Nate Solder, New York Giants offensive tackle, has decided to opt of the 2020 NLF season due to the COVID-19 pandemic. He said that God’s help and guidance led him to the difficult decision in an announcement on social media last week. “My family and I have been praying, wrestling, and listening to God about […]
In 1994, there were very few safe havens for the Tutsi people of Rwanda when the violent rebels of the Hutu race began killing hundreds of thousands of Tutsi in a brutal civil war. The Ecole Technique Officielle, a school in the capitol city of Kilgali, was one of those few safe havens. In the film “Beyond the Gates,” currently in limited release, the school’s bloody chapter as part of that war is documented with thoughtful precision, offering additional insight into one of the greatest humans rights tragedies in recent history.
The film primarily takes place during the first few days of the war, when Belgian officials used the school as a military outpost of sorts to monitor the crisis, while the workers at the school gave refuge to a few thousand Tutsis hoping to avoid being slaughtered. Unlike “Hotel Rwanda,” which chronicled events from an African perspective, this film views the events more from the perspective of a British priest, Father Christopher, and a young, idealistic teacher, Joe. Together, they struggle to make sense of good and evil in a chaotic situation. As events unfold, Joe realizes he is woefully ignorant and unprepared to deal with the depth of this tragedy, while Father Christopher, amidst moments of doubt, is wearily resolute in his efforts to save any lives he can, at any cost.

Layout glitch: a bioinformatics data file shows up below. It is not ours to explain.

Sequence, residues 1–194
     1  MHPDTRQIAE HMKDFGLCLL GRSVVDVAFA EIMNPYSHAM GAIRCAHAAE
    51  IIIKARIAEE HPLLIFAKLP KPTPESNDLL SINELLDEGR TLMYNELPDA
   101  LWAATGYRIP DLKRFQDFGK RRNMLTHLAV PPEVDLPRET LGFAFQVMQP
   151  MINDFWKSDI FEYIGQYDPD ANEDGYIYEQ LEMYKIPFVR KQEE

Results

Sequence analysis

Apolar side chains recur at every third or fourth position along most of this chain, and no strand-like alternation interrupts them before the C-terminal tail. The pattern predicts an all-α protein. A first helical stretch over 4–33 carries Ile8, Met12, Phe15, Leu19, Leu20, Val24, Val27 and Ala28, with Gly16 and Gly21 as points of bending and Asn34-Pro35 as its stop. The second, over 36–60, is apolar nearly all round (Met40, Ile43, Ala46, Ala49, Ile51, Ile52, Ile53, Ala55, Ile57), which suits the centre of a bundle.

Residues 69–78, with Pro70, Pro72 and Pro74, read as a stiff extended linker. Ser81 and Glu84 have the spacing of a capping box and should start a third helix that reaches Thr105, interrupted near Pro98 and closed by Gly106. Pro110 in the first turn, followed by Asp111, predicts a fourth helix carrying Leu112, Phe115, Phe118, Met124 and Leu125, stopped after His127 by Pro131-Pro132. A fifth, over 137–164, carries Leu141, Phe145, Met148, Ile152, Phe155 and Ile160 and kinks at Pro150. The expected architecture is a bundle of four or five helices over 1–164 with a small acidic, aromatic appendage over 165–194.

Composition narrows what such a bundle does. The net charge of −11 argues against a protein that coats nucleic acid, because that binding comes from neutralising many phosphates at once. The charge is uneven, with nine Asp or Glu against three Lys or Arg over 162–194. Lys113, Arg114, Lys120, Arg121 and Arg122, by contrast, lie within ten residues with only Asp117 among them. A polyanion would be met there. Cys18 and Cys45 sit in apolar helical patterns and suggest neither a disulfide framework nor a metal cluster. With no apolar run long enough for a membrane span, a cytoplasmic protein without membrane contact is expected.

“Beyond the Gates” has its flaws: The pace in the beginning is slow, and too many “important speeches” tell us what to think about the action as it is happens. However, the second hour of the film is gripping without being unnecessarily gory, and, in the end, it successfully poses important questions about the relationship between faith and sacrifice. Yet perhaps the most moving aspect of this film is the way the director bravely chooses to use survivors of the genocide in front of and behind the camera and then celebrates their stories during the end credits of the film.
In light of the ongoing events in Darfur, another cinematic look at the holocaust in Rwanda is, sadly, quite timely. For that reason alone, “Beyond the Gates” is worth viewing and discussing with those in your church community.
To watch an exclusive clip of “Beyond the Gates,” click here.